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Letter: Where’s Data For New Trolley?

To the Editor:

It’s time to take a closer look at the proposed free Del Ray trolley service to determine whether it’s politics or data-centric analysis that is driving this $700,000 project.

In recent months, possible routes have been all over the map. Initially trolleys were to start and end at Braddock Road Metro. Then the decision was made to serve King Street Metro as well. After the “final” route was announced March 29, Council asked why service didn’t extend into Arlandria. Now questions are being raised about why Commonwealth wasn’t considered as the link to King Street and why Braddock is included if tourists are drawn to “Charmville.”

This pilot project needs more than raw ridership numbers to justify itself. If the purpose is to benefit business, then criteria should be derived directly from the success of those who demanded this service. Benchmarks should be set, return on investment defined and financial targets established in terms of increased tax revenue or similar tangible measures. A formal marketing plan is needed to identify projected ridership segments and describe how each will be targeted.

Earlier this year Council member Alicia Hughes asked about trolleys for the West End and was told via budget memo that this would require “market, demand and ridership analysis,” “evaluation of existing and future WMATA, Fairfax Connector and DASH routes,” “[a] Branding and Marketing campaign,” and “more detail [sic] cost and benefit evaluation.” Different strokes for different folks?

At a recent meeting, T&ES Deputy Director Abi Lerner stated the goal of the trolley was “economic development.” Whose economic development?

The City promised neighborhood-serving retail in the 2008 Braddock Metro neighborhood, but existing space at the Henry/Monarch has been empty for years, while new mixed-use buildings like the Madison and Asher are underway. Will this service siphon off customers to Del Ray and starve future businesses at Braddock?

Why run the trolley up West Street to Braddock, rather than Commonwealth Avenue, thereby duplicating service along the King Street trolley route? Commonwealth is a historic streetcar corridor, closer to King Street Metro and wider than West. Not all homes face the street and those that do have greater setbacks.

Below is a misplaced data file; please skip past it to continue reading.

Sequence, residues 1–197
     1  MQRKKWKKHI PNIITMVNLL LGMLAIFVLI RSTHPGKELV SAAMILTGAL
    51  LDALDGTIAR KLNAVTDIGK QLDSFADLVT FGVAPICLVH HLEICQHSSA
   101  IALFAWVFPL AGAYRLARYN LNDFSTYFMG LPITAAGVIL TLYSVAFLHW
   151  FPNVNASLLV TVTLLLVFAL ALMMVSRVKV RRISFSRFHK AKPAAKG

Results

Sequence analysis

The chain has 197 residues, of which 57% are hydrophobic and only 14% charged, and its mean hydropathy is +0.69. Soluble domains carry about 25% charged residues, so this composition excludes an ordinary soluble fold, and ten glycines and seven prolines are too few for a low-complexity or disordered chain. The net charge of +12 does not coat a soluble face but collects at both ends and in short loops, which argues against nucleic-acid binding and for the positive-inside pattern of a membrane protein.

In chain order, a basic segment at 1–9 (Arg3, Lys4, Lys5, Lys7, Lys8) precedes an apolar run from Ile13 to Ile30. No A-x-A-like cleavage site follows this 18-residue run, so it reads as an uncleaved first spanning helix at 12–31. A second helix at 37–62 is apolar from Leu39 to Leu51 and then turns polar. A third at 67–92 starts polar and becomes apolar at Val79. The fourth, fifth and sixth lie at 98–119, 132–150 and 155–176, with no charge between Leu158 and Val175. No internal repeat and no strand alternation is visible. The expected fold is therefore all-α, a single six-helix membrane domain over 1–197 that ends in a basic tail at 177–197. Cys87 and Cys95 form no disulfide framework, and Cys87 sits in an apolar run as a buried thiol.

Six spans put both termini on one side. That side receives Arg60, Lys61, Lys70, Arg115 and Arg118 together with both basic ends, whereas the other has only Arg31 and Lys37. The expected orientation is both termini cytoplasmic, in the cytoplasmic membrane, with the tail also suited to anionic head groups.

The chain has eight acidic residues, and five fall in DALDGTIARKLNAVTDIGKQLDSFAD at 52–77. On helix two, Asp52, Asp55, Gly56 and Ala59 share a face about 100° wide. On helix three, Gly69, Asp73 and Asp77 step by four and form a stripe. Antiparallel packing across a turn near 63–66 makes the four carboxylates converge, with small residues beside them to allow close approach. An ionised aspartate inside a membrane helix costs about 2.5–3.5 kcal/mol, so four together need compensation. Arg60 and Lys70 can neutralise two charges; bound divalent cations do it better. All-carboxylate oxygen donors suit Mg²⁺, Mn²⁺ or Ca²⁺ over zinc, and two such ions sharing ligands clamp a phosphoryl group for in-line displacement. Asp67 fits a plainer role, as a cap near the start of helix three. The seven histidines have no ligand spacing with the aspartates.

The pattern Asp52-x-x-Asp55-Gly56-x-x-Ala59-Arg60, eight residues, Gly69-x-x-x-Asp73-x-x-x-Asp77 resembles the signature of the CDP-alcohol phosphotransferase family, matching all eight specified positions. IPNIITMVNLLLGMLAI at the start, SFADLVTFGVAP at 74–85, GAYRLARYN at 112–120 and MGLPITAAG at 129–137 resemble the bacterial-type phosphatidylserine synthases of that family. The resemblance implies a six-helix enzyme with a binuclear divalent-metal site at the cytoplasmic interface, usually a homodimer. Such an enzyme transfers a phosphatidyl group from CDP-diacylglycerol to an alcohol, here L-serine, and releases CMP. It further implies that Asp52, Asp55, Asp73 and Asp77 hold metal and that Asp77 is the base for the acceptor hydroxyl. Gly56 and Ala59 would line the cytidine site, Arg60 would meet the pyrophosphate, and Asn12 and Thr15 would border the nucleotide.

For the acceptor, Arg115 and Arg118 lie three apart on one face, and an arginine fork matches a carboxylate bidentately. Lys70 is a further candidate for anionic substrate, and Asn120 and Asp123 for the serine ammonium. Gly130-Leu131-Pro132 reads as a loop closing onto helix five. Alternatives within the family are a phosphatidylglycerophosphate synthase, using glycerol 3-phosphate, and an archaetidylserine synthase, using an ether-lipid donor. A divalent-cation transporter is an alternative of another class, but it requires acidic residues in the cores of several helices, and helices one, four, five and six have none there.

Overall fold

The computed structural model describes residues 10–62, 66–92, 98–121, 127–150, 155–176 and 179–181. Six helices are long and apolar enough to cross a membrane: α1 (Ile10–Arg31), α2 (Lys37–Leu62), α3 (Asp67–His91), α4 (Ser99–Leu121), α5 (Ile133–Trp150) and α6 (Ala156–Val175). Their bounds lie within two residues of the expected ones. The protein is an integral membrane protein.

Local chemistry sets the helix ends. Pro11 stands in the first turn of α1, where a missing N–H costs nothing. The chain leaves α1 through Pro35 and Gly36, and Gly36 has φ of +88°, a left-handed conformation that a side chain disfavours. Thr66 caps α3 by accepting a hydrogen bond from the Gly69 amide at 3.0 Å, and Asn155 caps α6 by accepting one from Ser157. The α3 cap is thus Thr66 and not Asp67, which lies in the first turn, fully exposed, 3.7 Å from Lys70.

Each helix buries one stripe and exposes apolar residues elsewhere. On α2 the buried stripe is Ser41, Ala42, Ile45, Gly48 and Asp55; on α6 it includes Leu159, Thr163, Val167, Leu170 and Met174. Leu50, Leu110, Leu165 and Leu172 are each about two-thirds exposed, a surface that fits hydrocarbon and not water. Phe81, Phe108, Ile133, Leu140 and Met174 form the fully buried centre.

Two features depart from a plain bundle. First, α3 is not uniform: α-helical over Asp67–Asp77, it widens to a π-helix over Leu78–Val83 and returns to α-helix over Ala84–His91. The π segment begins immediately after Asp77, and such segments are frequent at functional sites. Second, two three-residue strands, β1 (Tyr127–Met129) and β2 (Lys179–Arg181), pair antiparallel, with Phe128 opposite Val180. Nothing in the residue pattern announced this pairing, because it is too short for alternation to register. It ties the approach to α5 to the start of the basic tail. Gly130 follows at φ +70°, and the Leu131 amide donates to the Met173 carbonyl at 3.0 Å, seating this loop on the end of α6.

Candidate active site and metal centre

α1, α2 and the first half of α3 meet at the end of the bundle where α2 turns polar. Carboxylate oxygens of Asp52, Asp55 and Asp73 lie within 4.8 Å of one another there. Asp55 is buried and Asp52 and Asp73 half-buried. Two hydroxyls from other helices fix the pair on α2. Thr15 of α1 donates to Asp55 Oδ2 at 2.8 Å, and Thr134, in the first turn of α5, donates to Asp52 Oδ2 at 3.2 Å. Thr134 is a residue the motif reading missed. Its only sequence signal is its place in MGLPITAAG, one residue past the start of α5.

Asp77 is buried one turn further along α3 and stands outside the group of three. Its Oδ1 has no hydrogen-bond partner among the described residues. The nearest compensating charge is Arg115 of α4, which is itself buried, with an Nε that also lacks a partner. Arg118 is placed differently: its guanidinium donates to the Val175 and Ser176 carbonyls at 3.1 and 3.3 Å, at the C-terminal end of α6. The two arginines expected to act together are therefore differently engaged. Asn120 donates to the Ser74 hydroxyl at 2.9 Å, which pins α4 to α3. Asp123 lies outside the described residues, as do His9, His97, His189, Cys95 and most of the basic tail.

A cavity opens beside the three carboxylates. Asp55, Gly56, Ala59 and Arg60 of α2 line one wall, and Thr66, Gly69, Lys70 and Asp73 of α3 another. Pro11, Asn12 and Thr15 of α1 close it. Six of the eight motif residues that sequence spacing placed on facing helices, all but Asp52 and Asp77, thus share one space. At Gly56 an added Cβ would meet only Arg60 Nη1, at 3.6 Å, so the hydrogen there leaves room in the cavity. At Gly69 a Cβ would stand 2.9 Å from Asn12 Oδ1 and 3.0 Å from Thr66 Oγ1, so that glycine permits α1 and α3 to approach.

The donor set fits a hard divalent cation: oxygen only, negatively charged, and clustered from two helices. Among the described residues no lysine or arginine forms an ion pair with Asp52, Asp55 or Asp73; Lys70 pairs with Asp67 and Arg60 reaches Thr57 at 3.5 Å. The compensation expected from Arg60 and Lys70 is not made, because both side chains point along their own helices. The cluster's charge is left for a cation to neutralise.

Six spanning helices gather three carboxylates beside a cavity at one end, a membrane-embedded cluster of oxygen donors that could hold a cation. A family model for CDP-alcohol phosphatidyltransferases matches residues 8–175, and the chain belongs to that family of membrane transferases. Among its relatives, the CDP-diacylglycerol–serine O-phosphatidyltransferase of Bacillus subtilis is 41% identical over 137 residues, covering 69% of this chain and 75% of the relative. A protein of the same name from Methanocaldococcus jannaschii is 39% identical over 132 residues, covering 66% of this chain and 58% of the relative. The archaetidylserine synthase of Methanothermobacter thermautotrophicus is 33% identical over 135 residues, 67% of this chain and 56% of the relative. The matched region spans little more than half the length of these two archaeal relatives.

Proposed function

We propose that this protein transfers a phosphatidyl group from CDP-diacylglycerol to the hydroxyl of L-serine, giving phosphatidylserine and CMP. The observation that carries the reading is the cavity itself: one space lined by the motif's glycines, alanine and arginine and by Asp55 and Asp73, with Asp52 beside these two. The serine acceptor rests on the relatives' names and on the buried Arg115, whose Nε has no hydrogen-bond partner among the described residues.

In the past, the City defined the measure of walkability from Metro as a quarter mile diameter around the station. Now T&ES claims the West Street link to King will serve more hotels because the Lorien and Hampton Inn — located a mere 2/10ths of a mile from the King Street station — aren’t technically “served” by the Del Ray trolley if it doesn’t stop at their doors. Absurd!

All seem to hope that, like King Street passengers, those who use the Del Ray trolley will be green-minded consumers with big open wallets and no cars. However, a recent parking study shows that Del Ray has adequate on-street parking and there is less deterrent to driving than in Old Town.

In contrast to King Street, there are many residents along the route in Arlandria and near Braddock Metro who live without cars because they can’t afford them and are more likely to take a free ride without generating additional revenue by consumption. How does this factor in?

All of the consequences of the trolley must be considered, including the effect on future retail east of the Braddock Road Metro station, quality of life issues for West Street residents, and the impact free service will have on other transit modes, especially DASH, whose falling ridership levels still generate nominal revenue.

Council will review the final route in June. Let us hope that the proper homework is done before this project takes wing.

Leslie Zupan

Alexandria